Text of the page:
|Brands Hatch 1000 Km||17 Oct 1982||Lola T298||Nick Faure, Roy Baker, Eddie Arundel||15th OA|
|Le Mans 24 Hours||18-19 June 1983||EMKA C83/1||Tiff Needell, Steve O’Rourke, Nick Faure||17th OA|
|Le Mans 24 Hours||15-16 June 1985||EMKA C84/1||Tiff Needell, Nick Faure, Steve O’Rourke||11th OA|
You also had a career as a historic racer?
Nick Faure: Yes, I raced a D-type in the JCB historic sports series which began in 1973.
What is the appeal of Historics?
Nick Faure: Racing has always been a visual game, but when I started, it was a balancing game as well. Porsches taught me that it was all about feel. I could drift that D-type and I was proud that my lap times at Silverstone equalled marks set by Moss and Archie Scott Brown in those cars 15 or 20 years previously. Today, four wheel drifts are long gone, ABS has removed the skills of cadence braking and electronic chassis takes away the feel and levels of decision making we had.
You became the fastest demonstration driver in the country. How did that come about?
Nick Faure: When AFN at last got its hands on a RHD drive Turbo in 1974, Porsche made it clear it was the only one they could have so they had to be a bit circumspect about how they used it – there was no question of lending it to the press! John Aldington [from AFN] asked me to be the demo driver, and I worked my way round the official Porsche outlets in the UK doing customer rides. The dealer would draw up a route locally and the most important thing was to get the local police chief to come on the first run, to impress him with the car and to show it was in safe hands, after which we got ‘carte blanche’ i.e. minimal interruptions from the local constabulary, for the day. Turbocharging was completely unknown back then and the shock as the boost suddenly came in used to stun passengers. This was really great fun: forty years ago, the roads were much quieter and with the turbo I could blast well into three figures and I remember doing over 160 mph on Marlow bypass. Approach speeds were so great you really had to learn to look ahead though the Turbo’s brakes [ex- 917] were always up to the job. What we didn’t know at the time was that our pre-production turbo had 1.2 instead of 0.8 bar [and probably well over 300 bhp against the standard car’s 260] so there were a few disappointed customers when Porsche finally started with deliveries!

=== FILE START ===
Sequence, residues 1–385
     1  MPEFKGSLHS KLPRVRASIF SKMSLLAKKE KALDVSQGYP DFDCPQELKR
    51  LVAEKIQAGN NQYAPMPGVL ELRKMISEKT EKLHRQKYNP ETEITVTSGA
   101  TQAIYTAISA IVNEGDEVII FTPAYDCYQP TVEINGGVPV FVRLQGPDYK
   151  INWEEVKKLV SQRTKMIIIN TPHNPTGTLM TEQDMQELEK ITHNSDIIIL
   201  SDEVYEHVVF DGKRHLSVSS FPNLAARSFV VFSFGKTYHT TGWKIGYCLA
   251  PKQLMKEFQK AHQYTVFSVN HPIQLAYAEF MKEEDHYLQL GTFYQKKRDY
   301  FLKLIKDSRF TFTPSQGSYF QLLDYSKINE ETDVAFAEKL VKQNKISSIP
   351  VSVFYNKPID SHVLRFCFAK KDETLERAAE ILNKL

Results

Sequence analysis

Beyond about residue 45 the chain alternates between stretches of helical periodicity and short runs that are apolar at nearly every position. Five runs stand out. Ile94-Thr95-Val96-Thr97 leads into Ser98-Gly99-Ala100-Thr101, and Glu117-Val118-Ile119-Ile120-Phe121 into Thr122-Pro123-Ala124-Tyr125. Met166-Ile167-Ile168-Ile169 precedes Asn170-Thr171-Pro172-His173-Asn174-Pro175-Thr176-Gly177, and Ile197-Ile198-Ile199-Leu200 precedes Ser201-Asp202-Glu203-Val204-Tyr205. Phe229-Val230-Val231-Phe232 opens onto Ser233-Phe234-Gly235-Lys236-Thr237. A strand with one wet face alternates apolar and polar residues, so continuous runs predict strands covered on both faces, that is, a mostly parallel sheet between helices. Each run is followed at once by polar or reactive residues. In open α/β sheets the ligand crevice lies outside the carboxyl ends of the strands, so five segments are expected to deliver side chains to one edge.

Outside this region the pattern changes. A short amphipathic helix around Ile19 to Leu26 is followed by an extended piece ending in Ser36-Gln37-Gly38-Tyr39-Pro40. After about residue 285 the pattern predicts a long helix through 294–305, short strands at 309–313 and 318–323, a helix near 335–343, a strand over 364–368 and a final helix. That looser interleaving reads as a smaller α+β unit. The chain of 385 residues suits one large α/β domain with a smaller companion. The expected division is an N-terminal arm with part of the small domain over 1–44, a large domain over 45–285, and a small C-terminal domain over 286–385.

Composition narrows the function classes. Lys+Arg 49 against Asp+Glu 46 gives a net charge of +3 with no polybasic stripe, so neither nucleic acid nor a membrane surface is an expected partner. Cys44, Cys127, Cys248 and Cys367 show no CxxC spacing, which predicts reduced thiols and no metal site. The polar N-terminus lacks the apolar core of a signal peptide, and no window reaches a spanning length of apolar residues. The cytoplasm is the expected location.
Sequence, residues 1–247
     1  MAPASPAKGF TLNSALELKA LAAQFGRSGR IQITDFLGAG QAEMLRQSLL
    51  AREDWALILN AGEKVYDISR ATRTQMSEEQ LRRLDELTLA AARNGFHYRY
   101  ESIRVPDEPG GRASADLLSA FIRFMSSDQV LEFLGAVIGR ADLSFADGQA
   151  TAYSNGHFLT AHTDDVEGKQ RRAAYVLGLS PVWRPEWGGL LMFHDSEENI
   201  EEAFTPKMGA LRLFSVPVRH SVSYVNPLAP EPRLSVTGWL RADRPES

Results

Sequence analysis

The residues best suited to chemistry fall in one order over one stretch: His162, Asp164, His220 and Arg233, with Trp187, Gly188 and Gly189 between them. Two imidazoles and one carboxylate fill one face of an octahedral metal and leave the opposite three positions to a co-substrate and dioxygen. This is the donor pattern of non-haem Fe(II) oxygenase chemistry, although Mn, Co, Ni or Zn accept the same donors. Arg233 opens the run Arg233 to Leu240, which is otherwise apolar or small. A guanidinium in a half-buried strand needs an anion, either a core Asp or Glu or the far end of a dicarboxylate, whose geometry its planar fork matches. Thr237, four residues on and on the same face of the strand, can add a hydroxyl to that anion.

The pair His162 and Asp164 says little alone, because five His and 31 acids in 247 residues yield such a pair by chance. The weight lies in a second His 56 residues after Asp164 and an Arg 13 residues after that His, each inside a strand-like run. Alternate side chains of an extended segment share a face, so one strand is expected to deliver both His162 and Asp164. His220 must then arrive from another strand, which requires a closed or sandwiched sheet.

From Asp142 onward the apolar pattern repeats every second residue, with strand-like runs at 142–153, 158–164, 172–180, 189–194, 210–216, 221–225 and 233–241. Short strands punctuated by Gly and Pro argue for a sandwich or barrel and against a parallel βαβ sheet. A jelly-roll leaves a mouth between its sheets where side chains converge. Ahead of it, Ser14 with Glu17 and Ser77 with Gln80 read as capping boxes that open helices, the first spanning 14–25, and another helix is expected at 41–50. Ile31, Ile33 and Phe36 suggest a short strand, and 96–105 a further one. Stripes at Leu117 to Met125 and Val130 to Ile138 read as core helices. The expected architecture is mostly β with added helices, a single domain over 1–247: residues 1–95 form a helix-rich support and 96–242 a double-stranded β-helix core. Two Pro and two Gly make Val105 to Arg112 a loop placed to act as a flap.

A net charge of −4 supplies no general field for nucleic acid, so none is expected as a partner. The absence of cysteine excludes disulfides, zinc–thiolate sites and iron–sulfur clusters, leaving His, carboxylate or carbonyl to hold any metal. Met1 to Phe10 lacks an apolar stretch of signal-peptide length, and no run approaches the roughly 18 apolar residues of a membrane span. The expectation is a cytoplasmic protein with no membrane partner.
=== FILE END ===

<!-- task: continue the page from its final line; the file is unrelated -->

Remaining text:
Do you think you had the best of it?
Nick Faure: People said I was a natural driver and I never went beyond my ability. I could adapt to a car within a few laps and I could always remember circuits like the ’Ring after a handful of laps. I’d love to have had a chance to drive the Targa Florio in a works team!
Nick Faure: I still get invitations: if it’s ready in time, you’ll see me driving a Shelby Mustang at Goodwood this year.
Written by: Kieron Fennelly
Images by: Nick Faure & Porsche Archives